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Linking Stream Fish Thermal Ecology and Adaptive Capacity to Inform Watershed-Based Management and Species Status Assessments

Stream fish are in peril from a changing climate, particularly for species with restricted distributions or populations on the southern edge of their range. For these fish, the opportunity to escape warming temperatures is limited by the network of stream channels accessible to them. To deal with temperatures beyond their physical capacity, fishes must move, adapt, or die. However, little is known
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Rethinking Lake Management for Invasive Plants Under Future Climate: Sensitivity of Lake Ecosystems to Winter Water Level Drawdowns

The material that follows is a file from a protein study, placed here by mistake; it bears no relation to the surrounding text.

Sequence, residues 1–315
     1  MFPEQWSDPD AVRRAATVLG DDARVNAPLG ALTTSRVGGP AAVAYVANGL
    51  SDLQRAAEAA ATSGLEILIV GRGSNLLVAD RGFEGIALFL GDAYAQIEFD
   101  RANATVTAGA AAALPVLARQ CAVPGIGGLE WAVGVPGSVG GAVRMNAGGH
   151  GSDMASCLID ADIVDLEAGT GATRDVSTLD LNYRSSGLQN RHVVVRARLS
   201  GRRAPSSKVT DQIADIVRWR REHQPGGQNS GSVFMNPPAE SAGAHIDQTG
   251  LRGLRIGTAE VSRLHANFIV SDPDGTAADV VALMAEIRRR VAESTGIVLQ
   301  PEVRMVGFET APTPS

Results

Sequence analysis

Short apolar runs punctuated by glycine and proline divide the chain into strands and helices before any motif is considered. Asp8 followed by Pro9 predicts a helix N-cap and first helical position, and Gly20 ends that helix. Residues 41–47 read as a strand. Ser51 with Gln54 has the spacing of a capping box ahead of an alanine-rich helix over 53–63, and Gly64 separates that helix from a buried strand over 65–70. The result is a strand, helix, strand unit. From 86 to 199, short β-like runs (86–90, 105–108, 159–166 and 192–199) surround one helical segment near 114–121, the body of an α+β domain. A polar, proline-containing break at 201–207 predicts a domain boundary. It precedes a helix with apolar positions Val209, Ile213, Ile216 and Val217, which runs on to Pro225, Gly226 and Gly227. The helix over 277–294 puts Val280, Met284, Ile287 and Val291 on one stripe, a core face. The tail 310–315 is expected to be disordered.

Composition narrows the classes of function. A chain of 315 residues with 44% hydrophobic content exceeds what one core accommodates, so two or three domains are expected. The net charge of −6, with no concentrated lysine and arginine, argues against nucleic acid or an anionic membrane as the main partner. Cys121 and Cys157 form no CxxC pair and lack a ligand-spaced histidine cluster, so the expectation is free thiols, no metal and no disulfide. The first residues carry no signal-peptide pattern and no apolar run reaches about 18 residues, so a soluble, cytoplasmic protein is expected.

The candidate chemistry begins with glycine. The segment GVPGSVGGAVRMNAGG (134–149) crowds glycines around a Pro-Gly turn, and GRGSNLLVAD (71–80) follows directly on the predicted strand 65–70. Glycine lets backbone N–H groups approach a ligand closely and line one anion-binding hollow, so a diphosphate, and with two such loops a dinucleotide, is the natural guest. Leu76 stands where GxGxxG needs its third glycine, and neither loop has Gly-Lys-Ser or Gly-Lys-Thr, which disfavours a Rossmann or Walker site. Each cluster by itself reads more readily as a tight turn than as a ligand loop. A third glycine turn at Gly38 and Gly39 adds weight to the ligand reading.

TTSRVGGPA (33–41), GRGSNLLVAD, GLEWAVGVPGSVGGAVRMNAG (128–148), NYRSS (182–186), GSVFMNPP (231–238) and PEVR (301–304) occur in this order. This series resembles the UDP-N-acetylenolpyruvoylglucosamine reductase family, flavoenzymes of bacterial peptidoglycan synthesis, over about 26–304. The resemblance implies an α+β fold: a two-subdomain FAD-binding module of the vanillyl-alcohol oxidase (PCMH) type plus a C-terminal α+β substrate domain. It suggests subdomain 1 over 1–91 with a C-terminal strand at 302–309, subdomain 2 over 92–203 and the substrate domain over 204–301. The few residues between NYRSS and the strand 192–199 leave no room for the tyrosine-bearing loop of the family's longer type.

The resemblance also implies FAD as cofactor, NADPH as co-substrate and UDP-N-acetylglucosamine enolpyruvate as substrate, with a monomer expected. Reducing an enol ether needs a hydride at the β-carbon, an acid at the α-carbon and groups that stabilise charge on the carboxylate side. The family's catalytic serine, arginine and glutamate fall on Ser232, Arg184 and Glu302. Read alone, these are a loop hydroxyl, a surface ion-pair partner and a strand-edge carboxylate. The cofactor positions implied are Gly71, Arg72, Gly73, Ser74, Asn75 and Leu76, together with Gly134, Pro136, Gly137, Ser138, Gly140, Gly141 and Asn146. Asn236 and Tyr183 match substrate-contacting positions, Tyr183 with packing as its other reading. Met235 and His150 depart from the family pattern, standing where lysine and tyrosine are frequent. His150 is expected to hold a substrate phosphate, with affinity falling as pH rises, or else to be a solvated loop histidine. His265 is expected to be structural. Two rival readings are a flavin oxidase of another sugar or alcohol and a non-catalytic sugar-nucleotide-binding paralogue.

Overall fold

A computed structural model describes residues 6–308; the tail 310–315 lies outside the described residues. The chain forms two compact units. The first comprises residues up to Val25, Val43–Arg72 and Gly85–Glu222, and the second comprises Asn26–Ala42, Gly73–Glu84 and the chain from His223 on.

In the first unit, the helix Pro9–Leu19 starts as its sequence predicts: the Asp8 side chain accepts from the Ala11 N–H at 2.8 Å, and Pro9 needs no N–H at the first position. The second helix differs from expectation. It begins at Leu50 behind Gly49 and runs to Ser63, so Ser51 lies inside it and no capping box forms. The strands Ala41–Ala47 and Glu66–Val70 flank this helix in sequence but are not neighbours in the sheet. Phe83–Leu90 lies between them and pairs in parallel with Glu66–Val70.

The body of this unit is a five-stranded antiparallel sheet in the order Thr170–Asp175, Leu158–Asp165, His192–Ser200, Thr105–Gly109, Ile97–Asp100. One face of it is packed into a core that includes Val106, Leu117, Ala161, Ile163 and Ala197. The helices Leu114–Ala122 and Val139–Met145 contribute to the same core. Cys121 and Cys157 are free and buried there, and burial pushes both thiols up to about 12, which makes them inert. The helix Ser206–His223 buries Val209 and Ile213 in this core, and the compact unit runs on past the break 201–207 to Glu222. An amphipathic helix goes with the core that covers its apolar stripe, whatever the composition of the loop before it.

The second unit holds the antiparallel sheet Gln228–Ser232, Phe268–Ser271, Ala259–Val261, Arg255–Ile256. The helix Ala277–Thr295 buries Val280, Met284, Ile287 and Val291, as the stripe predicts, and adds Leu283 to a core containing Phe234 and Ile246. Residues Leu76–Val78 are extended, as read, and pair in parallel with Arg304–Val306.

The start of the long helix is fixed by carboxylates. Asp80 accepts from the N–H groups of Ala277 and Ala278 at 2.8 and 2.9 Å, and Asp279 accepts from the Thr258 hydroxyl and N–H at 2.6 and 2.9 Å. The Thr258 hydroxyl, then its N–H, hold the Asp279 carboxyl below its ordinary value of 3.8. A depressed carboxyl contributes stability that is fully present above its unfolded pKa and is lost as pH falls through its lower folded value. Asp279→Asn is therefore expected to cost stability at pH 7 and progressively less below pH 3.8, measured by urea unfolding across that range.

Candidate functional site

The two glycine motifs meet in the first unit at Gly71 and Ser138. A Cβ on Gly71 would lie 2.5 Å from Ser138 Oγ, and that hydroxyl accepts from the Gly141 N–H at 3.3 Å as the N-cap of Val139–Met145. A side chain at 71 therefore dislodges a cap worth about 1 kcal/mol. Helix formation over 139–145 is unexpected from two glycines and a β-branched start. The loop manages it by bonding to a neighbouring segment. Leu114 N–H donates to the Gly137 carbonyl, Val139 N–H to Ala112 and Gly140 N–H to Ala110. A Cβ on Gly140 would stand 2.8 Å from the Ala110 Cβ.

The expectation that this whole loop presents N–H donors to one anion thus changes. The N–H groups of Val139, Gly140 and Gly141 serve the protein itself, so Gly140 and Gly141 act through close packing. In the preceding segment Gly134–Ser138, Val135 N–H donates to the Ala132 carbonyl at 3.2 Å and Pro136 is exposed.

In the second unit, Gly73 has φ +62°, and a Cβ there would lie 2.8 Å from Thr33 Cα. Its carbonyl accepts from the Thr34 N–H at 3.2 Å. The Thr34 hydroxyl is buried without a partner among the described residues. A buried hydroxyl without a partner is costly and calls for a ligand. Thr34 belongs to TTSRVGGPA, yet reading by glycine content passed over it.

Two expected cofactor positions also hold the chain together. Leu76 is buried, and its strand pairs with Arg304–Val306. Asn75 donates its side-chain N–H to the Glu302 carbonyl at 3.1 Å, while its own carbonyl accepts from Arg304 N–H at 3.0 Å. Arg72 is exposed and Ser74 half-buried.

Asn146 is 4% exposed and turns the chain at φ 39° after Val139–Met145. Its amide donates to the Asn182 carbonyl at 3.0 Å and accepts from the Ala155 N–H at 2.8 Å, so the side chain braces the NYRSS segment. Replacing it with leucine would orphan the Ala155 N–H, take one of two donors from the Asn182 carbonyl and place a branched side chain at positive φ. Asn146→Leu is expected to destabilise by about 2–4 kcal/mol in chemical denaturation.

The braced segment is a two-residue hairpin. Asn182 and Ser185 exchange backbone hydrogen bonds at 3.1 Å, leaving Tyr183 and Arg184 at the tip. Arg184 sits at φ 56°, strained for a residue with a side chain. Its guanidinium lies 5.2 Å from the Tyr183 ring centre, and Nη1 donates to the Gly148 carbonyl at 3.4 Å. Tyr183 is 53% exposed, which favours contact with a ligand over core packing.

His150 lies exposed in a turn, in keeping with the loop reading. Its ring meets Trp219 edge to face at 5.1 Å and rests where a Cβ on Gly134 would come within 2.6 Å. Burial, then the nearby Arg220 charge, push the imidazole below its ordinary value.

Small lakes are important to local economies as sources of water supply and places of recreation. Commonly, lakes are considered more desirable for recreation if they are free of the thick weedy vegetation, often comprised of invasive species, that grows around the lake edge. This vegetation makes it difficult to launch boats and swim. In order to reduce this vegetation, a common technique in the
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Rethinking Lake Management for Invasive Plants Under Future Climate: Sensitivity of Lake Ecosystems to Winter Water Level Drawdowns

Small lakes are important to local economies as sources of water supply and places of recreation. Commonly, lakes are considered more desirable for recreation if they are free of the thick weedy vegetation, often comprised of invasive species, that grows around the lake edge. This vegetation makes it difficult to launch boats and swim. In order to reduce this vegetation, a common technique in the
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The Impact of Future Climate on Wetland Habitat in a Critical Migratory Waterfowl Corridor of the Prairie Pothole Region